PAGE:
the exact sludge sampling location within the POTWs included in the Multi-City Study is not
known, however, it is assumed that samples represent secondary sludge or biosolids.




                                                                                        51
The levels of PFCs in sewage sludge at the metro WWTP observed during this study are
higher than those reported by Berger et al in the European Nordic Environment study.
Berger et al found high variability in the concentration of PFAS in sewage sludge with
results ranging from 0.15 ppb in a sample from a Finnish POTW to 3.8 ppb in a sample from
a Swedish treatment plant. The finding of higher concentrations of PFOS and PFOA in the
sewage sludge versus wastewater at the metro WWTP is supported by the findings of Berger
et al. Berger et al found PFOS and PFOA to be the dominating PFAS compounds in sewage
sludge and found PFCs at ppb levels in sewage sludge, while the highest concentration in
wastewater observed in that study was 20 ppt.

The relatively higher concentrations of PFCs found in the Metro secondary sludge versus
those found in other studies for plants not exposed to PFC industrial contributions may be
explained, in part, by local PFC contributions (landfill leachates containing PFCs and
Oakdale Dump pumpout discharge). However, this is based on very limited data and more
evaluation and mass balance calculations would be required to determine whether these
sources have any significant impact on the Metro wastewater treatment plant sludge PFC
concentrations.

The higher concentrations of PFCs in the samples from the secondary sludge versus the
primary sludge at the metro WWTP is consistent with efficient design and operation of the
treatment plant. Primary sludge predominately consists of inorganic solids and larger
particles that readily settle out due to gravitational forces, while secondary sludge is
generally characterized by more organic material. The secondary sludge or “waste activated
sludge” is collected from the activated sludge basin which is designed to significantly reduce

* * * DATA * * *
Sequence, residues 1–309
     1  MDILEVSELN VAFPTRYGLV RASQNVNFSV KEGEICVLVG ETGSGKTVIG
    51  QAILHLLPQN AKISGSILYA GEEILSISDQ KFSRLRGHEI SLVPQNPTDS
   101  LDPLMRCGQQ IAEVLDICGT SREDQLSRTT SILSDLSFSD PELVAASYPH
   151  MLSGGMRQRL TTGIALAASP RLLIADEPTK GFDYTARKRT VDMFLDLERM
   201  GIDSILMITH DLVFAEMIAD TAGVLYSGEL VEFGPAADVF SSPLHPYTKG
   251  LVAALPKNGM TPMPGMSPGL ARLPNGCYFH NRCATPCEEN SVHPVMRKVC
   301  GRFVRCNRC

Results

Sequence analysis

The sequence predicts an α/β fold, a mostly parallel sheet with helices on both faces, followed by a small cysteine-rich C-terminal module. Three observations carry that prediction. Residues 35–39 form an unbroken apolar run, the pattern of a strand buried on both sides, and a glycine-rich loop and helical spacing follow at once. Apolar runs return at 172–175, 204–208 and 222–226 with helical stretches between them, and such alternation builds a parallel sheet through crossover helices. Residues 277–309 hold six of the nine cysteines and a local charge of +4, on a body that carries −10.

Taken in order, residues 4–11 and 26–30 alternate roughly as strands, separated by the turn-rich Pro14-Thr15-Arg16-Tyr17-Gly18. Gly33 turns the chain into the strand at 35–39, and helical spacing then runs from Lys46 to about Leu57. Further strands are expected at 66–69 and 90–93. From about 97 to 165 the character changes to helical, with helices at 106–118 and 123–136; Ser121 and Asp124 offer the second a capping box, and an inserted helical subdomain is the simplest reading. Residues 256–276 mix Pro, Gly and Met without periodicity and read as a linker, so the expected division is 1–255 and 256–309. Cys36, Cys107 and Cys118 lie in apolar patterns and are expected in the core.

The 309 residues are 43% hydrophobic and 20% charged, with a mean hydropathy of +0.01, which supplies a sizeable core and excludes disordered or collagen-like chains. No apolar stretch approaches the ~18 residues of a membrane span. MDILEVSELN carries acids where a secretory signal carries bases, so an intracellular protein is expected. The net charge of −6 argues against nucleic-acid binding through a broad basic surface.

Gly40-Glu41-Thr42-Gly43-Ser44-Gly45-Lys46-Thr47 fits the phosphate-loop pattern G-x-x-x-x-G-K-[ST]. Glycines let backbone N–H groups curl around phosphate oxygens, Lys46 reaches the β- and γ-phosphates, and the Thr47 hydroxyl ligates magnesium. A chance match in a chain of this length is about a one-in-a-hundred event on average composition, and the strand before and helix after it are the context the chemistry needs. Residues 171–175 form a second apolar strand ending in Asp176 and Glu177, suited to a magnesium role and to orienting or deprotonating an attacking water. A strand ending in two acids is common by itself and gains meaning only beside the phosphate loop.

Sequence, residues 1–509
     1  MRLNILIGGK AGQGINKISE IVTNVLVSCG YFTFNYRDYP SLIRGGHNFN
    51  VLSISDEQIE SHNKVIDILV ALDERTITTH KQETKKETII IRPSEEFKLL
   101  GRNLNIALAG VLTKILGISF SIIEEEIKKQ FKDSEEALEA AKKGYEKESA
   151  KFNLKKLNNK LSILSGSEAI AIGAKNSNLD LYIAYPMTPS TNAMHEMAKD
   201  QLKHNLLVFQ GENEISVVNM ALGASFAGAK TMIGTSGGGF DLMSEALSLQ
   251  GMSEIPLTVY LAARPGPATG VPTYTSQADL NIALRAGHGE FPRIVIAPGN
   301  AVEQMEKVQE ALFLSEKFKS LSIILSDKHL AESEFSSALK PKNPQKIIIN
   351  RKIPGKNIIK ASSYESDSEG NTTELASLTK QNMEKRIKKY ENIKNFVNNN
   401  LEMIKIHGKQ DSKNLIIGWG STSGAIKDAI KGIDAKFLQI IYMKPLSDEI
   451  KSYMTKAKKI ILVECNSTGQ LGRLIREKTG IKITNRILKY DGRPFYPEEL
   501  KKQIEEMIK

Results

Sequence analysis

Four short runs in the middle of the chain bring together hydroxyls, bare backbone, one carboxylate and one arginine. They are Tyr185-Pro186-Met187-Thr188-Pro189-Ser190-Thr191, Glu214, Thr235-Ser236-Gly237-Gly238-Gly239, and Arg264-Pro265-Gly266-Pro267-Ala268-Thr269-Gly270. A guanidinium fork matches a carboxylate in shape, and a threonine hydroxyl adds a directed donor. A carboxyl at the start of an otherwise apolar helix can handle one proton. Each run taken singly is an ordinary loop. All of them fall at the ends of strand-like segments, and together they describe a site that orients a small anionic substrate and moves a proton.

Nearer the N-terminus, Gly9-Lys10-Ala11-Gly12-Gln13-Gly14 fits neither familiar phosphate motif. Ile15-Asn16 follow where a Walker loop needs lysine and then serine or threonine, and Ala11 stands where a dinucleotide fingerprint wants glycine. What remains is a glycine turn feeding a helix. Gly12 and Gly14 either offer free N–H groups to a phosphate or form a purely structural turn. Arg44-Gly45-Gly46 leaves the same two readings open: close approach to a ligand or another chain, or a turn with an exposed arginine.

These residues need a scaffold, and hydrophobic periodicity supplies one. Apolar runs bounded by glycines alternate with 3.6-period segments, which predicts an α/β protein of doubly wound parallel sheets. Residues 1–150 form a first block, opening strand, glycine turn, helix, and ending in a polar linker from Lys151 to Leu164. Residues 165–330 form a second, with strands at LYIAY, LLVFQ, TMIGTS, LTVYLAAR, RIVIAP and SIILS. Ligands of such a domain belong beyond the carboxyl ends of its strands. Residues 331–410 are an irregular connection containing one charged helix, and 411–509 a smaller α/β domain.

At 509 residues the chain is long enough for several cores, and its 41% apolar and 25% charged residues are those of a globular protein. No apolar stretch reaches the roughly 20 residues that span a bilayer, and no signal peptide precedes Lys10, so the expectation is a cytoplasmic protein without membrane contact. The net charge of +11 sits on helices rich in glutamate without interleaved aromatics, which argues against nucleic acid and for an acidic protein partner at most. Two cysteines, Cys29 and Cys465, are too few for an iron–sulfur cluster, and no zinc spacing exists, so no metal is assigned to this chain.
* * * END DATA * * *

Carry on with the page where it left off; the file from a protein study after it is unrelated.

the organic load through the treatment plant. Additionally, as waste activated sludge is
regularly recycled in a treatment plant, it makes sense that secondary sludge would exhibit
higher concentrations of PFCs.

The higher levels of PFCs in secondary sludge and biosolids from the metro WWTP
correlates well with the results of previous research. As discussed above, PFCs readily
adsorb to sludge particles. The 3M Multi-City Study reported that high levels of PFOS can
be expected in sewage sludge due to the acidic properties of the chemical. Schulz et al
(2005) estimated that a significant percent of the PFCs that enter a wastewater treatment plan
end up in the biosolids. Furthermore biodegradation of PFC parent compounds by
microorganisms in the waste activated sludge may account for the appearance of new and
higher concentrations of certain PFCs in secondary sludge and biosolids.

5. Summary Report

   •   PFOS and PFOA were found at 81 and 78 ppt in the effluent with other PFCs at lower
       levels to non-detect. These levels do not appear especially high and are comparable
       to those concentrations found in other studies related to POTW effluents that may
       contain PFCs.

   •   Respectively, PFOS and PFOA were found at 53 and 46 ppt in influent samples with
       other PFCs at lower levels to non-detect.


                                                                                             52
   •   Higher influent PFC concentrations versus effluent PFC concentrations are consistent
       with a previous study done on PFCs in wastewater treatment plants, explained by the
       biodegradation of PFC precursors into PFOS and PFOA through the WWTP. Higher
       effluent versus influent PFC concentrations may also be due, in part, to the retention
       time through the system and the recycle of waste activated sludge. PFOS and PFOA
       have not been shown to further biodegrade, and persist for extremely long periods.

   •   Primary sludge exhibited PFOS at 25.9 ppb and PFOA at 3.79 ppb, with other PFCs
       at low ppb to non-detect levels.

   •   Much higher concentrations of PFCs were found in the secondary sludge (waste
       activated sludge) with PFOS at 309 ppb, PFOA at 21.5 ppb, PFDA at 39.5 ppb,
       PFUnA at 22.3 ppb, PFDoA at 25.8 ppb, PFHxS at 10.3 ppb, PFNA at 10.4 ppb, with
       other PFCs at lower ppb levels to non-detect. The relatively higher concentrations of
       PFCs found in the Metro secondary sludge versus those found in other studies for
       plants not exposed to PFC industrial contributions may be explained, in part, by local
       PFC contributions (landfill leachates containing PFCs and Oakdale Dump pumpout
       discharge).

   •   Biosolids were found to contain PFCs with PFOS at 79.7 ppb, PFOA at 11.1 ppb,
       PFDA at 17 ppb, PFBS at 8.41, PFHxS at 6.35 ppb, PFNA at 5.63 ppb with other
       PFCs at lower levels (less than 5 ppb).

   •   Higher levels of PFCs in secondary sludge and biosolids is consistent with normal
       operation of a WWTP which relies on the removal of the majority of organic
       compounds in the secondary or waste activated sludge processes.

   •   The removal of individual PFCs is expected to vary according to the individual PFC
       compound chemistry.

   •   At a discharge flow rate of about 200 million gallons per day the Metro plant
       discharges about 0.132 lbs/day of PFOS and 0.127 lbs/day of PFOA, with annual